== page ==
The people of Fata have no desire to continue being governed through the draconian laws of the FCR and thereby remain backward. It is because of the government functionaries who, wanting to rule Fata with impunity, recommend the continuation of this rotten system.

While we blame the people of Fata for providing shelter to the militants we forget to look into the role played by the system of the Political Agent. It kept the area backward, and over a period of time, turned it into a fertile ground for militants to operate from. Had they done their homework as their erstwhile colonial masters had done, they would have turned the area into an economic hub for the country. Even the provision of basic facilities to Fata’s residents would have been a big deterrence against the rise of militancy in that area.

As usual, our rulers did not learn any lessons from the past. They turned a blind eye to the rise of militancy in the area. This situation was fully exploited by militants and intelligence agencies of countries interested in the destabilisation of Pakistan. They found fertile ground in Fata to work in. The army reacted by launching operations, but very late in the day. By then the cancer has spread. It affected the whole body of the tribal areas and Fata soon became the epicentre of militancy.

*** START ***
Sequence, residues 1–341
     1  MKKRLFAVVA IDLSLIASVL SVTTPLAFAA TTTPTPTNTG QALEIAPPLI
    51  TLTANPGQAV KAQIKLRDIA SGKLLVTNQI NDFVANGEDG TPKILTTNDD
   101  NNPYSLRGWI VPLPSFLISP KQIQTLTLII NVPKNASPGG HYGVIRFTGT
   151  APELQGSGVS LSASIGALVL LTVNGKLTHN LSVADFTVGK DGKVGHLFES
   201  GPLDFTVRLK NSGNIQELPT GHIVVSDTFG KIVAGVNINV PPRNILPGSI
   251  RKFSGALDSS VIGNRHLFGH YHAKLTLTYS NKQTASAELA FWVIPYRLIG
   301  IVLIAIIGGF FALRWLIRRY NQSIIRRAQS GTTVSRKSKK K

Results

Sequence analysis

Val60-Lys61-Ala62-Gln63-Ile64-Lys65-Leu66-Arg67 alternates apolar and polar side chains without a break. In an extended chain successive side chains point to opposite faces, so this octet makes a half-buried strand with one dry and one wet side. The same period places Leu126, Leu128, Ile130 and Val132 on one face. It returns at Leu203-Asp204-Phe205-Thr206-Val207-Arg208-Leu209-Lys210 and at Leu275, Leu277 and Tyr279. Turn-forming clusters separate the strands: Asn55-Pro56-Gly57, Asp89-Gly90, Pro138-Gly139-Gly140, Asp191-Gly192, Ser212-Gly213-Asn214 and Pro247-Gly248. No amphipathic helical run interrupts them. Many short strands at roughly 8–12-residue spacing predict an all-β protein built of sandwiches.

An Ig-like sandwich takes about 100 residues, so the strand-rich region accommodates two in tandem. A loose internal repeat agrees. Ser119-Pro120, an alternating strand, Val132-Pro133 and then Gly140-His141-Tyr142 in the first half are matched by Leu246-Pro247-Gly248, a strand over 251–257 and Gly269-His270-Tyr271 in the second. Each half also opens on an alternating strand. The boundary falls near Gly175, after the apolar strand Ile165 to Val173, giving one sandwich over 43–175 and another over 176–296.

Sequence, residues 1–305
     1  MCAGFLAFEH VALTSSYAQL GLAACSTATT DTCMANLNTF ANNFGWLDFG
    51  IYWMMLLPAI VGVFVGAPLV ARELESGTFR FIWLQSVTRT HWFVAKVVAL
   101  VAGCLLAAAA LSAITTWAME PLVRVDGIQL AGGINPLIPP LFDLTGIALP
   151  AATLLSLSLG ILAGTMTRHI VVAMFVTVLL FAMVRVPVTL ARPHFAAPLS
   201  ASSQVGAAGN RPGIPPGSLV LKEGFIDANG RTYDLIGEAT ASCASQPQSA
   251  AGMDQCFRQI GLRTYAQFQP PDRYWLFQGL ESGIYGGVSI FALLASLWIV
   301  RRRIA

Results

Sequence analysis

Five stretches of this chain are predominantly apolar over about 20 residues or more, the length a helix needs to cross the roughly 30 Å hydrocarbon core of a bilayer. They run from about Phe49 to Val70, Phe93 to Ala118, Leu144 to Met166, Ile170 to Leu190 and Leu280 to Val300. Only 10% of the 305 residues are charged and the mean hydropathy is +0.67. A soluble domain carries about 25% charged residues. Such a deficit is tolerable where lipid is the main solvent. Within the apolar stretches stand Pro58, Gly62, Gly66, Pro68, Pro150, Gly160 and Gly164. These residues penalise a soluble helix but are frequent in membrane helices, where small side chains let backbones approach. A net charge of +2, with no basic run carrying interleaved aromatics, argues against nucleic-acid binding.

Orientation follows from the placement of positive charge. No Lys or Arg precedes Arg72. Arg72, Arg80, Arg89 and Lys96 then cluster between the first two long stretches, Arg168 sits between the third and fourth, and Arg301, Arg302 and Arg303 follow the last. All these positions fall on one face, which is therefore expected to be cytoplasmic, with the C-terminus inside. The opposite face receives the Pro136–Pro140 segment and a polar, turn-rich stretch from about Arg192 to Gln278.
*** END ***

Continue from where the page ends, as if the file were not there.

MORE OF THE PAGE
The people of Fata are tired. After having rendered many sacrifices for Pakistan, right from the 1947 fighting for the liberation of Kashmir, they have IDPs in their own country. What have they received in return? They want change. They want education for their children and more accessible health facilities, but nobody listens.